Read the full article in Chemistry World»

Read the original journal article in ChemComm – it’s free to access until 19th March:
DNA-cellulose: an economical, fully recyclable and highly effective chiral biomaterial for asymmetric catalysis
Erica Benedetti, Nicolas Duchemin, Lucas Bethge, Stefan Vonhoff, Sven Klussmann, Jean-Jacques Vasseur, Janine Cossy, Michael Smietana and Stellios Arseniyadis  
Chem. Commun., 2015, Advance Article
DOI: 10.1039/C4CC10190A, Communication

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A sticky way to inspect self-cleaning glass

Reusable colour-changing sticky labels that act as a cheap and easy way to check the activity of photocatalysis-based self-cleaning glass have been designed by scientists in the UK.

Interest in self-cleaning technologies, including semiconductor photocatalysis (SPC), has been on the increase since the commercialisation of self-cleaning glass by Pilkington in 2001. However, SPC, a process by which light activation of a surface coating, usually titanium dioxide, facilitates the breakdown of organic dirt, is difficult to measure as most coatings are invisible to the eye.


Read the full article in Chemistry World»

Read the original journal article in ChemComm – it’s free to access until 12th March:
Smart, reusable labels for assessing self-cleaning films
A. Mills and N. Wells  
Chem. Commun., 2015, Advance Article
DOI: 10.1039/C4CC09734C, Communication

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Graphene looks to doped superbenzene to overcome electronic hurdles

Building graphene from carefully-modified superbenzene segments has been proposed as a way to help graphene overcome a major stumbling block limiting its application in electronic devices – by opening its bandgap to make it a true semiconductor. 

Intrinsically, graphene is a semimetal with no bandgap. Boron nitride can afford graphene the electronic properties desired for atomically thin circuits. However, positioning these boron nitride-groups in just the right places to properly regulate electron flow through graphene is difficult. 

 


Read the full article in Chemistry World» 

Read the original article in ChemComm – it’s free to access until 11th March:
Synthesis, structure and properties of C3-symmetric heterosuperbenzene with three BN units
Xiao-Ye Wang, Fang-Dong Zhuang, Xin-Chang Wang, Xiao-Yu Cao, Jie-Yu Wang and Jian Pei  
Chem. Commun., 2015, Advance Article
DOI: 10.1039/C4CC10105G, Communication

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Accessing Chiral Space with Visible Light

Researchers have made tremendous efforts to unlock stereoselective, catalytic organic transformations. In this recent ChemComm Feature Article, Professor Eric Meggers, one of the pioneers in the field of photoredox catalysis, provides a comprehensive review of the recent advances in asymmetric catalysis driven by visible light.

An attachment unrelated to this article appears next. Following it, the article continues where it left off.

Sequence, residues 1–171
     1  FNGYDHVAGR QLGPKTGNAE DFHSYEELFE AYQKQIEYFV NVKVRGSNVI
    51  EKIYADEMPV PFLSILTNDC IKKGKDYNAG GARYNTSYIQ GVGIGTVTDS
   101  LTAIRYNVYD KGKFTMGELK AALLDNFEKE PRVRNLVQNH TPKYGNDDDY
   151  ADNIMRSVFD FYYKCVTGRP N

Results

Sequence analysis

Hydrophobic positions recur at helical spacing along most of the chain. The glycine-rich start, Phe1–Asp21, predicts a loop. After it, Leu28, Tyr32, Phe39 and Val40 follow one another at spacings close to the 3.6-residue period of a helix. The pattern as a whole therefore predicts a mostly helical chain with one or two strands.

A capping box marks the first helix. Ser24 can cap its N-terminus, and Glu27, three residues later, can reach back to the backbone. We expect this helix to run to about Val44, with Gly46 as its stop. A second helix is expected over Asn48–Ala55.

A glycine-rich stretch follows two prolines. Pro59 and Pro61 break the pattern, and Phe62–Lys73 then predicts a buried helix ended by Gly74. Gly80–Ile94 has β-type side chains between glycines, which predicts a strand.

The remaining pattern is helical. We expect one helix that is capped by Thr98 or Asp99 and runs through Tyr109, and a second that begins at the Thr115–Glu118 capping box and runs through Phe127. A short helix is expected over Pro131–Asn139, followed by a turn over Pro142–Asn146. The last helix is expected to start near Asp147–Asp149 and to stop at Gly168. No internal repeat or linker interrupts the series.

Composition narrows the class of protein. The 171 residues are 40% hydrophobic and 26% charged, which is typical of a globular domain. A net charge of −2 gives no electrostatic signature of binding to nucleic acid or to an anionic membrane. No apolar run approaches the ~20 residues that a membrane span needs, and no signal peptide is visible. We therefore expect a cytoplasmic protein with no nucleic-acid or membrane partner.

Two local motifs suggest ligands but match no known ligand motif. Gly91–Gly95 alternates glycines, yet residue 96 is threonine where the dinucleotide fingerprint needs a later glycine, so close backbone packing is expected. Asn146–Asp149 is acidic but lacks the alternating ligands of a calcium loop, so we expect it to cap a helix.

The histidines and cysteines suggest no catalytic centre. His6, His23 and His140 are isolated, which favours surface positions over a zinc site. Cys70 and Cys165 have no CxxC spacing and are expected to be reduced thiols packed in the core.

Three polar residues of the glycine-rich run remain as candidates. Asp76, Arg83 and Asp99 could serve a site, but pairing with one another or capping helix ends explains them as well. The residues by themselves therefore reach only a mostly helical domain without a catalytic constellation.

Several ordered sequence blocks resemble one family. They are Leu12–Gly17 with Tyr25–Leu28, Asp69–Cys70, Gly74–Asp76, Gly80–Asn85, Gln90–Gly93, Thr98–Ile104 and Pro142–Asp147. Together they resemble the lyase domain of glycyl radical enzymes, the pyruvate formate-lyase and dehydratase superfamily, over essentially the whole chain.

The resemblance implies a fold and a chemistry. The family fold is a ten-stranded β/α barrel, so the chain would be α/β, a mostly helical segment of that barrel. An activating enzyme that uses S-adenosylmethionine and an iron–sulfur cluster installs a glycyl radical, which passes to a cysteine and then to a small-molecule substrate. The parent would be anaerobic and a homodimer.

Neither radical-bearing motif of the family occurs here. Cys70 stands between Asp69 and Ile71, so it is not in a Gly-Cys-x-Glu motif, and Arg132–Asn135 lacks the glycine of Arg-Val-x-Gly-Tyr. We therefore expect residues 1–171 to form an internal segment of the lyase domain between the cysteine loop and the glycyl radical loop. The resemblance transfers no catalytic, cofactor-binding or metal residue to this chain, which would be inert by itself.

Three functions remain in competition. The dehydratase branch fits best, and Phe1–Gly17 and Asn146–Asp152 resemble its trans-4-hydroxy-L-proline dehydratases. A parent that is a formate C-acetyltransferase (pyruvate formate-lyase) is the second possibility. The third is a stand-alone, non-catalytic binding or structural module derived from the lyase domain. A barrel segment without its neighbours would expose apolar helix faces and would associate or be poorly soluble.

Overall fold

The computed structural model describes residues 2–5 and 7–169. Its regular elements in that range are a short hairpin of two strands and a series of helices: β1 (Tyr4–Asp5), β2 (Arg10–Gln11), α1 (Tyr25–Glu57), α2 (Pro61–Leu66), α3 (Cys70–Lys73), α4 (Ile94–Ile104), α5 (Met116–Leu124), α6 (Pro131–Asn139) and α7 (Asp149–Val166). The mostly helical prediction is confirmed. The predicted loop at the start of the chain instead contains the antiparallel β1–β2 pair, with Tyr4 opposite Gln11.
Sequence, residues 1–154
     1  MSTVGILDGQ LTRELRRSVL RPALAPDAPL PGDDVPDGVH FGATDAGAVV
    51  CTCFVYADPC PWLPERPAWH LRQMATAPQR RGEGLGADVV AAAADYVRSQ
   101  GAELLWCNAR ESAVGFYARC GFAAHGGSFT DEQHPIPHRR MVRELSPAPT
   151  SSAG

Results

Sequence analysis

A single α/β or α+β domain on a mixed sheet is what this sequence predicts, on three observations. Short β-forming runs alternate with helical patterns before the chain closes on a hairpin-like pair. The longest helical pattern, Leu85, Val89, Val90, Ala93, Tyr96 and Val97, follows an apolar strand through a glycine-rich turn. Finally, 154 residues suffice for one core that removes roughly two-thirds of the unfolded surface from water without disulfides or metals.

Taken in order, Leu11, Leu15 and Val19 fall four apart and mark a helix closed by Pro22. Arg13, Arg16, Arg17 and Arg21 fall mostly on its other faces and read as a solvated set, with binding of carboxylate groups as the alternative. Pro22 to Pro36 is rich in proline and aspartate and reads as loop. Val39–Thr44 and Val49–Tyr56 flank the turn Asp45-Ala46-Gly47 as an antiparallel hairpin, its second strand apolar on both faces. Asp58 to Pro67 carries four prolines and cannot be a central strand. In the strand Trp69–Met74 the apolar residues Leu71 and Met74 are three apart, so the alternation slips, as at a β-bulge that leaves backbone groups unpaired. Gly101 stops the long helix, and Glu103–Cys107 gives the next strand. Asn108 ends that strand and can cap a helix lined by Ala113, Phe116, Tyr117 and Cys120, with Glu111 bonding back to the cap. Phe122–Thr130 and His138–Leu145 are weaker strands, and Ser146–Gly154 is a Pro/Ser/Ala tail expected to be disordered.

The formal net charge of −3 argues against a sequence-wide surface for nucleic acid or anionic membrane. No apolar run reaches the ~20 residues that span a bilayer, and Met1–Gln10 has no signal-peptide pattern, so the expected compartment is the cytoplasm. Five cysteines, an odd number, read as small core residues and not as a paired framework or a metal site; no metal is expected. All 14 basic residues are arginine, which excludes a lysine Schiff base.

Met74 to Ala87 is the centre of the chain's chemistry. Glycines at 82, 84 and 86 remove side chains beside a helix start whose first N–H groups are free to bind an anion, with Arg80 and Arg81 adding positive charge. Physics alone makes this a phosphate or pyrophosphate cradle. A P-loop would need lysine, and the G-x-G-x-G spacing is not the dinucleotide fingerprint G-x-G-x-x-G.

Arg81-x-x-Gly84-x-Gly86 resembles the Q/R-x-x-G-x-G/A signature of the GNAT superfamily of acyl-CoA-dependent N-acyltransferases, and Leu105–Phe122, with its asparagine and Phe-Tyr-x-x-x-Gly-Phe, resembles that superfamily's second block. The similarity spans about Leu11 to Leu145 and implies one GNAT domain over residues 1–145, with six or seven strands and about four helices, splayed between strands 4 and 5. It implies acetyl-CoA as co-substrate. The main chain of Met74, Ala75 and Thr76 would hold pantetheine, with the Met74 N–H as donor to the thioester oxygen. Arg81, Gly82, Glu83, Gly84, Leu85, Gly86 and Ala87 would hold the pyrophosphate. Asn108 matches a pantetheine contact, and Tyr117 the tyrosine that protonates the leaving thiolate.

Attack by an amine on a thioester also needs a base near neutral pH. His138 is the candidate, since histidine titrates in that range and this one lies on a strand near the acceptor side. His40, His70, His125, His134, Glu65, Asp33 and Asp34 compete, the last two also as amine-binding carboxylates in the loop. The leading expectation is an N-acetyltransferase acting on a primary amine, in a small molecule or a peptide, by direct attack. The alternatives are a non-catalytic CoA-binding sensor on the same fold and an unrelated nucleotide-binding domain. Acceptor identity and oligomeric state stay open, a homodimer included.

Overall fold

Asymmetric catalysis has been one of the most attractive yet challenging areas of organic chemistry for the synthesis of unique, biologically active natural products such as Taxol, Rapamycin, or Vinblastine that possess numerous stereocenters.

C4CC09268F gaRecently, visible light, a sustainable and affordable energy resource, gained substantial interest with its capability to selectively access chiral molecules from prochiral substrates without undesirable by-products. Transformations including aldehyde α-functionalization and [2+2] cycloadditions demonstrate the potential of visible light in the presence of a photosensitizer.

These photosensitizers are typically ruthenium or iridium complexes that can facilitate electron/energy transfer upon photoinduction. In most cases, a photoredox catalyst has to be coupled with a chiral co-catalyst to introduce stereocenters in the products.

Notable advances in the Meggers, Melchiorre, and MacMillan research groups have recently demonstrated that photoactivation can be achieved with a single chiral photosensitizer to provide products of high enantiomeric excess and good yield.

This inspirational review was just published in Chemical Communications as a Feature Article. I recommend reading “Asymmetric catalysis activated by visible light” (DOI: 10.1039/c4cc09268f) by Professor Eric Meggers to learn more about the recent advances with mechanistic details and his forecast for one of the rapidly-growing research topics in organic chemistry.

This article is free to access until 17th March.* Download it here:
Asymmetric catalysis activated by visible light
Eric Meggers �
Chem. Commun., 2015, Advance Article
DOI: 10.1039/C4CC09268F, Feature Article


Dr. Tezcan Guney is a guest web writer for Chemical Communications. Dr. Guney received his Ph.D. from the Department of Chemistry at Iowa State University with Prof. George Kraus, where he focused on the synthesis of biologically active polycyclic natural products and multifunctional imaging probes. Currently, he is a postdoctoral research scholar at the Memorial Sloan-Kettering Cancer Center in New York with Prof. Derek Tan, contributing to the efforts to access biologically active small molecules using the diversity-oriented synthetic approach.

*Access is free through a registered RSC account